Wales has introduced the Archwilio app, which will allow smartphone and tablet users to "access information about archaeological sites on maps covering the whole country." The free app will also let users connect and post their own updates.
Submitted by Milica on Sun, 2013-12-22 03:36
After ceremonies to mark the conclusion of Bute Park's restoration, the waterworks were opened and Cardiff Castle's moat was filled for the first time in 30 years. During the restoration, the moat was excavated by archaeologists, revealing more than 3,000 items dating back to the 16th century.
Submitted by Milica on Wed, 2013-10-23 11:56
Aerial photography has been used to discover what experts believe was a royal deer park in Gwynedd, Wales, where nobles would have gathered "for entertaining and forging alliances.” The park is located on the Brynkir estate at Dolbenmaen and dates to the reign of Prince Llywelyn the Great in the 13th Century.
Submitted by Milica on Mon, 2013-10-21 14:02
Last year, the 14th century book, the Laws of Hywel Dda, was purchased at auction by the National Library of Wales and brought home after nearly 300 years in exile in the United States. Now the book is on display at the library in Aberystwyth, and available for all to see online.
Submitted by Milica on Wed, 2013-08-07 01:33
The time between when the Romans left Britain and the medieval period began has usually been considered a dark age lacking in civilization, but a new archaeological discovery in Caernarfon, Wales may help to fill in the gaps.
Submitted by Milica on Tue, 2013-08-06 19:24
A chance stroll through a Welsh woods has led to the discovery of a long-lost medieval artifact. A rare 9th or 10th century inscribed stone was spotted by archaeologists Nikki Vousden and Roderick Bale in a stream near St Sulien’s Church in Silian, Wales. (photo)
Submitted by Milica on Wed, 2013-07-31 12:19
Researchers have long been distressed by the illegibility of fragile ancient parchments, but new techniques developed by scientists at Cardiff University may help read the unreadable.
Submitted by Milica on Thu, 2013-07-25 15:38
Workers from Dwr Cymru Welsh Water, digging a trench, were surprised to find the remains of a medieval house and cesspit beneath Castle Street near Conwy Castle in Wales. The "incredibly important" find could "provide a new insight into medieval Conwy."
Submitted by Milica on Thu, 2013-07-04 20:55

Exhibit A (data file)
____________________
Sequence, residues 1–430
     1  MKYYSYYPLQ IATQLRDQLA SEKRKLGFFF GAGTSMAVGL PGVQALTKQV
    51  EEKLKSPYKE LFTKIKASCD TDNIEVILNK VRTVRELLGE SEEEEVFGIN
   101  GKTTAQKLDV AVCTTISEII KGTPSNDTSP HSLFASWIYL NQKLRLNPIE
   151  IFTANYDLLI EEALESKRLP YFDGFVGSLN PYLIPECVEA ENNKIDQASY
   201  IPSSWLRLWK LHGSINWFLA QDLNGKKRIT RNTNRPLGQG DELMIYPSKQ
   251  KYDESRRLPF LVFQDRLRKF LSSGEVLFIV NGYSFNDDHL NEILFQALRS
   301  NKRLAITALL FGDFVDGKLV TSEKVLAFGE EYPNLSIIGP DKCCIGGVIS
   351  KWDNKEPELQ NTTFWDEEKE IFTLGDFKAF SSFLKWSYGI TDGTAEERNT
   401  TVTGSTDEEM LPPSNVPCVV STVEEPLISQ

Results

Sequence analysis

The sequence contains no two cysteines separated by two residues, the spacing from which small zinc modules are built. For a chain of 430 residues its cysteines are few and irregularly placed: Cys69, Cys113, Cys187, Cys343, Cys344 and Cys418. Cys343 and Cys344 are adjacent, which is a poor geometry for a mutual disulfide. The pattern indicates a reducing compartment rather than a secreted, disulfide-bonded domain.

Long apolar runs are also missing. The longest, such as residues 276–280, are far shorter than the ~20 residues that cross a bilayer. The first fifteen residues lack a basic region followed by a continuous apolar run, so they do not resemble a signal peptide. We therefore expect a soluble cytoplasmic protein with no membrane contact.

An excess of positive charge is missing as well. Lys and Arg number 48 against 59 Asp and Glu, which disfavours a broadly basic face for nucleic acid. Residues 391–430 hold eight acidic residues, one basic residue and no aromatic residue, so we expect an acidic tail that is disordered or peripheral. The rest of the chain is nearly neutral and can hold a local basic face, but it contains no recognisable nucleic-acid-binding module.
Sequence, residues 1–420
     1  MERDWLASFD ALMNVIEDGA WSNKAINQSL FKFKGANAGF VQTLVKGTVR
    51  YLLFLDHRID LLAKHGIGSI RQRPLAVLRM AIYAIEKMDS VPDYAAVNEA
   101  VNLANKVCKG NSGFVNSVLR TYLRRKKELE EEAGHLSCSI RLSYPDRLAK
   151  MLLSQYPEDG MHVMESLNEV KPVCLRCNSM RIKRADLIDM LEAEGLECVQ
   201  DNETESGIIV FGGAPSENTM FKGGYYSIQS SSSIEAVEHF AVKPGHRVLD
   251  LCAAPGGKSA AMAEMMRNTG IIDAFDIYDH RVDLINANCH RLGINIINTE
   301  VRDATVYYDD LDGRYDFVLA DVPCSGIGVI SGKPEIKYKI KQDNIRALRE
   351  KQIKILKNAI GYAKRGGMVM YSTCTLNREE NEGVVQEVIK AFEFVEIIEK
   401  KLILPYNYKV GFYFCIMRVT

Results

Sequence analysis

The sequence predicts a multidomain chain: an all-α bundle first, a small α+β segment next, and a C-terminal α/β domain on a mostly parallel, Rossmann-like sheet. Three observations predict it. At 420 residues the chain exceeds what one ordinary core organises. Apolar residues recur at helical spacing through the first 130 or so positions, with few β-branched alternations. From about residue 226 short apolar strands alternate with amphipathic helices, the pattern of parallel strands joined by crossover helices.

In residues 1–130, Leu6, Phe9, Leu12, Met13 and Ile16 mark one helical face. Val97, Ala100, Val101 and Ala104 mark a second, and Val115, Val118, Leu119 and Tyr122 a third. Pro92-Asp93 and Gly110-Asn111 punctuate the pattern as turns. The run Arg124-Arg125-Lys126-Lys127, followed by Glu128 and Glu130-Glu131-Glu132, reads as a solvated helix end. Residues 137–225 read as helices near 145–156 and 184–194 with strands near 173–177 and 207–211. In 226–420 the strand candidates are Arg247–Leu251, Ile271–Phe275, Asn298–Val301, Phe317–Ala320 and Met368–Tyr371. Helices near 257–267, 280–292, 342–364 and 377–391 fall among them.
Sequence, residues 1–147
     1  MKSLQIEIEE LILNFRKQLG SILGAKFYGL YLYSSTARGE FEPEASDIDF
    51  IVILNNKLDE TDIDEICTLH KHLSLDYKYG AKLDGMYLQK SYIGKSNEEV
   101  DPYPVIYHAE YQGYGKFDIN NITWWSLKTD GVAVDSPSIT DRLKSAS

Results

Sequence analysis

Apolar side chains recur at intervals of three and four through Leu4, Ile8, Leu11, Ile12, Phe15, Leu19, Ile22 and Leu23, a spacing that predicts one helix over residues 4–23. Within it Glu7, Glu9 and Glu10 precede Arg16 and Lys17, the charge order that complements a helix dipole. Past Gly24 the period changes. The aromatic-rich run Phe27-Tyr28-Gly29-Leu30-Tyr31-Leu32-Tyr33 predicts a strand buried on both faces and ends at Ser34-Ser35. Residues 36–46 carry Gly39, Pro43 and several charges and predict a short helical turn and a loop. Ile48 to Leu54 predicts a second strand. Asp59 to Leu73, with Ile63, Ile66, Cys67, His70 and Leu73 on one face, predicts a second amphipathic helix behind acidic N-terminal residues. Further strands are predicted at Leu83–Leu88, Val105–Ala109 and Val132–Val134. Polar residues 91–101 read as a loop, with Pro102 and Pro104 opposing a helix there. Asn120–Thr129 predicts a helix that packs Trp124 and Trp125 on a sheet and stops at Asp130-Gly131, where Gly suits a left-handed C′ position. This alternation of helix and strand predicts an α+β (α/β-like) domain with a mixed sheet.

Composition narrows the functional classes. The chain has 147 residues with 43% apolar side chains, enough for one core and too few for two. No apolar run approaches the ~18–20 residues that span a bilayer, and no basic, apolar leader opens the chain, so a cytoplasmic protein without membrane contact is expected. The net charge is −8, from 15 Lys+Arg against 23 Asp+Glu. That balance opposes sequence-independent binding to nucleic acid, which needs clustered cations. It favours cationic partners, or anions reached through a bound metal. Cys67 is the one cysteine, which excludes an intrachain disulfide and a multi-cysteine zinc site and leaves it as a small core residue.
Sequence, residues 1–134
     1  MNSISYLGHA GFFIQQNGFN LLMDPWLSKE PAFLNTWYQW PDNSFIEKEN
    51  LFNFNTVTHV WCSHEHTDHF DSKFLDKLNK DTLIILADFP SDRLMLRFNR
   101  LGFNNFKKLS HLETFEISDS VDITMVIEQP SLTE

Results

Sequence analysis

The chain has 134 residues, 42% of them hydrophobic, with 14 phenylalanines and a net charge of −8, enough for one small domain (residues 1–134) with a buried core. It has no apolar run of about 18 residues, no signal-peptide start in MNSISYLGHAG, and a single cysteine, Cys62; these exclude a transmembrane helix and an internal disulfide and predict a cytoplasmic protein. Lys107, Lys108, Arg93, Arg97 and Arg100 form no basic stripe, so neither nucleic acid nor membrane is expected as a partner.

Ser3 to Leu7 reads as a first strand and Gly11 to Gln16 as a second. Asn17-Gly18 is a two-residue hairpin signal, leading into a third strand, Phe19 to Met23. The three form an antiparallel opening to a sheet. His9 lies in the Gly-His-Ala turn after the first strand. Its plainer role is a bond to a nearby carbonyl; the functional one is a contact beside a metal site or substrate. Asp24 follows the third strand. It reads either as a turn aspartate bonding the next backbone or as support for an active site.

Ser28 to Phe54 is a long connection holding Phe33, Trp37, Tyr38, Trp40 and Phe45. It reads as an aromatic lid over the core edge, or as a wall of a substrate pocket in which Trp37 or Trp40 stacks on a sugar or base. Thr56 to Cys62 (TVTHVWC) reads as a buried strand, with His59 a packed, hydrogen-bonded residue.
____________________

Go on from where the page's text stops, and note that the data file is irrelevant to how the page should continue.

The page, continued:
For three days, residents of Abergwyngregyn, Wales worked alongside archaeologists to uncover a portion of a Roman road, which once ran from Caerhun to Segontium. The road runs near the home of 13th century Welsh prince Llywelyn the Great and his grandson, the first Prince of Wales. (photo)
Submitted by Sabine Berard on Thu, 2013-06-13 16:28
An archeologist taking a walk in the woods discovered an inscribed stone that likely belonged to a nearby medieval church in Wales. The decoration on the stone dates to the 9th or 10th century. The stone features an unusual cross only seen in two other stones.
Submitted by Milica on Mon, 2013-04-29 13:10
For years, officials at Wales' 12th century Cardigan Castle have dreamed of raising funding to restore the castle and turn it into a heritage center and site for open-air concerts. The castle is believed to be the birthplace of the eisteddfod, a festival of poetry and music, dating to the 12th century.
Submitted by Milica on Tue, 2013-04-09 14:00
"We have a remarkably well-preserved Roman road in good condition and the site is throwing up all manner of interesting things including a lot of lead, which suggests it was connected with the lead workings on Halkyn Mountain," said Will Walker, of Earthworks Archaeology about the discovery of a Roman site near Flint, Wales.
Submitted by Milica on Fri, 2013-02-22 19:23
Welsh actress Catherine Zeta Jones and her husband Michael Douglas have donated a "substantial" sum of money to help purchase Abergwyngregyn in Gwynedd, the purported site of the "lost palace" of medieval Welsh princes.
Submitted by Milica on Tue, 2013-01-15 19:50
The Lichfield Cathedral and the University of Kentucky have joined forces to create a website presenting online versions of the St Chad Gospels (also known as the Llandeilo Fawr Gospels) and the Wycliffe New Testament, both in scanned images and searchable transciptions.
Submitted by Milica on Sun, 2012-10-14 18:17
Santes Dwynwen, daughter of Welsh King Brychan Brycheiniog, who died in the 5th century, is considered the patron saint of Welsh lovers. Now a ruined church at Llanddwyn on Anglesey has been scheduled for restoration.